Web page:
Photos and Review by Oyster.com Investigators
Despite its sexy image and $1 billion facelift, the Fontainebleau feels like a high-end family hotel for conventioneers.
A Miami icon since 1954, the 1,504-room Fontainebleau is a sprawling art deco complex built by legendary architect Morris Lapidus that stretches over several city blocks. In its heyday, it was the hangout of the rat pack, but it had fallen from the headlines until its $1 billion facelift in 2008.
They've put the money to good use. Jeffrey Beers, whose firm has designed the sleek, mood-lit interiors of the Dylan Hotel in New York and the Atlantis Cove in Las Vegas, has given the Fontainebleau a glossy white interior punctuated by bright pieces of art ranging from Yves Klein's "Venus Bleue" to Don Sugg's "Black Cross." Massive, free-form pools lay out by the ocean like mirrors. The new spa looks like a chunk of rough-hewn sapphire. There's a top-of-the-line roster of eight restaurants like Gotham Steak by acclaimed chef Alfred Portale -- a pioneer of "New American cuisine" -- and Scarpetta, by Chef Scott Conant, which has another high-profile outpost in New York's trendy Meatpacking District. Boutiques like Morris & Co., Aquamarine, and Ida and Harry sell everything from designer duds and Versace vases to saucy Kiki de Montparnasse intimacy kits.
But contrary to its sexy ad campaign, the Fontainebleau is a family hotel at heart -- a really, really high-end one. Gotham Steak doesn't come with the "Oh look, there's Jamie Foxx" scene, found at other designer hotel restaurants, like the Blue Door at the Delano hotel. And while Ocean Drive magazine brought plenty of celebrities and socialites over to the LIV nightclub for its anniversary bash, you're far more likely to see a crop of bankers than supermodels on a normal day. It's only on special occasions -- like the Victoria's Secret Fashion Show held at the hotel in 2008 -- that the Fontainebleau lives up to sultry expectations. Most days, the pool is packed with families and the halls are filled with conventioneers.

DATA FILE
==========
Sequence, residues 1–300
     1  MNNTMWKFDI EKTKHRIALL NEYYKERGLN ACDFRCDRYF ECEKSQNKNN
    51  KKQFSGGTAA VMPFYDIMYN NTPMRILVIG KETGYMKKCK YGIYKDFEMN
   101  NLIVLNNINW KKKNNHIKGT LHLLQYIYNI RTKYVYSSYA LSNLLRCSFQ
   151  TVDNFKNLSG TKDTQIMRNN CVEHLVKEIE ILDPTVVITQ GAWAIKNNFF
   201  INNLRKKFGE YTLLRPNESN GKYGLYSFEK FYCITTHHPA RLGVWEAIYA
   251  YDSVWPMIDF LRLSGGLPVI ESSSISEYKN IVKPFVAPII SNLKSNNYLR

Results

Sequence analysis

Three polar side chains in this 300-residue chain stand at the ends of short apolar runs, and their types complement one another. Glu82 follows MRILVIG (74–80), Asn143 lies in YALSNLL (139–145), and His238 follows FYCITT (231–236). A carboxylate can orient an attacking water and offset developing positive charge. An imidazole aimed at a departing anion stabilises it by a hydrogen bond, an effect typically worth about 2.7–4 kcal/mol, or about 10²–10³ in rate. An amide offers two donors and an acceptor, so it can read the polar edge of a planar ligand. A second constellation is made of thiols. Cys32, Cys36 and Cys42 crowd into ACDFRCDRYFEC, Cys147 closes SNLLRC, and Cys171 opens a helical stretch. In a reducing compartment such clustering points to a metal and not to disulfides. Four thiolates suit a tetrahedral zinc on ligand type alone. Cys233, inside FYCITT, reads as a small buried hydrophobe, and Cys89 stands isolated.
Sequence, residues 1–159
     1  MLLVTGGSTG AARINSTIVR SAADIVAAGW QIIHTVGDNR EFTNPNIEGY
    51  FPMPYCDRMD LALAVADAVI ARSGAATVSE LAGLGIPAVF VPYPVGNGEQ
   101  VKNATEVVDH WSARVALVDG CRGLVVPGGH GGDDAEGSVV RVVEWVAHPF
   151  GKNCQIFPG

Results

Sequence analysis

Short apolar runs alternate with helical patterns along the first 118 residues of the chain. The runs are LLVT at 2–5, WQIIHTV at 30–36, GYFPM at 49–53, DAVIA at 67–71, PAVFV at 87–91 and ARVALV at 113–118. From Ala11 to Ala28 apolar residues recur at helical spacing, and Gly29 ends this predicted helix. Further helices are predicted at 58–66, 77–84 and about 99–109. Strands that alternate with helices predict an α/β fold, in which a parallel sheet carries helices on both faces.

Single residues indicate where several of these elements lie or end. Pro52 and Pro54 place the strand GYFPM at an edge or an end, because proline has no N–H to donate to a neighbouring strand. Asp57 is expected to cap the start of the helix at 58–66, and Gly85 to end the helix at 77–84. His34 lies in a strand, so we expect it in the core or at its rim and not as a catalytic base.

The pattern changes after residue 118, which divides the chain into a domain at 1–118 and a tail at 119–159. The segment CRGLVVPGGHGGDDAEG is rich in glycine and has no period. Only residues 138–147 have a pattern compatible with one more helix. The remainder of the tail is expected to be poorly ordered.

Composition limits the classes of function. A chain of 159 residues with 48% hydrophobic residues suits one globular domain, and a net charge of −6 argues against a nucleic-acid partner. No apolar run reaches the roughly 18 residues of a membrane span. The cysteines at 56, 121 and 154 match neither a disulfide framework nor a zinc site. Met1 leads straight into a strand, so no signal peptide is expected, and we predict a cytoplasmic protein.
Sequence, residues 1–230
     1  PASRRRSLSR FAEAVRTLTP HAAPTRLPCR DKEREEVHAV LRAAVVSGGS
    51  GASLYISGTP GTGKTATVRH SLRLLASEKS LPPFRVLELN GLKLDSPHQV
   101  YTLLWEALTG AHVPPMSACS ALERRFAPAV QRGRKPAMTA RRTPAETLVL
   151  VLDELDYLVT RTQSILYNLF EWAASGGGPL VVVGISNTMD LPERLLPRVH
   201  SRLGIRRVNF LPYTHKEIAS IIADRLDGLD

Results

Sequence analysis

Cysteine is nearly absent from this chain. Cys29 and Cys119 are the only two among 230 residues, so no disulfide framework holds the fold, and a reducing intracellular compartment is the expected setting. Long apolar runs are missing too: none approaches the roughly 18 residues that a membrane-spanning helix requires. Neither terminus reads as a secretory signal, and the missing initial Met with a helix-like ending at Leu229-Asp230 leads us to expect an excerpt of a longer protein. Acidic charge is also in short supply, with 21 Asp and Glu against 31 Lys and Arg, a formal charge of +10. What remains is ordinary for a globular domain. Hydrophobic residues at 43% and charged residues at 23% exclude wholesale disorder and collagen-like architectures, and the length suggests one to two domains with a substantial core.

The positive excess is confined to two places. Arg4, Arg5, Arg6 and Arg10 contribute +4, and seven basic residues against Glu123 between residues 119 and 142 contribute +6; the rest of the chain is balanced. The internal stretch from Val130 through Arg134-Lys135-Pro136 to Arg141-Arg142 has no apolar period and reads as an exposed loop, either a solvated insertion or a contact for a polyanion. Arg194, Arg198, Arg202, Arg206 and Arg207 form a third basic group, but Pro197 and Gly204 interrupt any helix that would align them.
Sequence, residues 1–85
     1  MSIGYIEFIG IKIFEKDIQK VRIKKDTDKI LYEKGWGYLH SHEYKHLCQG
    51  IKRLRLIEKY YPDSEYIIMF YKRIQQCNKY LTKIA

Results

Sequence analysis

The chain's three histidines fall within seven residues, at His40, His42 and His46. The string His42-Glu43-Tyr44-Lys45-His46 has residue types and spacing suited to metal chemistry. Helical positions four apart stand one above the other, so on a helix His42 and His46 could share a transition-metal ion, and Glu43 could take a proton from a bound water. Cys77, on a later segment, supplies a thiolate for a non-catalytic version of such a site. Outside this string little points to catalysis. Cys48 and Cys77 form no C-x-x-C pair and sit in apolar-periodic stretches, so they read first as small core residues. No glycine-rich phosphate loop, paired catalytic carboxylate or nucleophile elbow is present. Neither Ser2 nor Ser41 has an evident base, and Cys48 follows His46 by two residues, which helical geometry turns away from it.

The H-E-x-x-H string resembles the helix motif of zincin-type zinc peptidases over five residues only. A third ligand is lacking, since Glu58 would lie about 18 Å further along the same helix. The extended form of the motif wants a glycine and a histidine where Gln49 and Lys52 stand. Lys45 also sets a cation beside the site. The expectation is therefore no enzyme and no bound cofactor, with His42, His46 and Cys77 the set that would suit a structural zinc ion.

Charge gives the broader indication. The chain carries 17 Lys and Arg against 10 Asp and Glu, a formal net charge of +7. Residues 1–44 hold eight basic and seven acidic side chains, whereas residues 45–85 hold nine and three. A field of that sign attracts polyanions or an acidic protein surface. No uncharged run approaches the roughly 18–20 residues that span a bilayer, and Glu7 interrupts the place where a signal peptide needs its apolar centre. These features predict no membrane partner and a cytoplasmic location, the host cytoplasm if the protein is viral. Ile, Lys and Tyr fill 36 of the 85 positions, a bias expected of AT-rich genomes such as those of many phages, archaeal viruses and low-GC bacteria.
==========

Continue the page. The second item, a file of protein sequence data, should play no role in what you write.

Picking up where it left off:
Staffers are fast and friendly, but sometimes scarce. Often, there are only three front-desk attendants trying to help a line of more than 20 guests.
With 1,504 rooms, the Fontainebleau is so large, you can walk for a good 10 minutes without running into any staff members. But with 24-hour room service, turndown service in the evening, food and drinks by the pool and out on the beach, and personal trainers at the gym, you're bound to be pampered.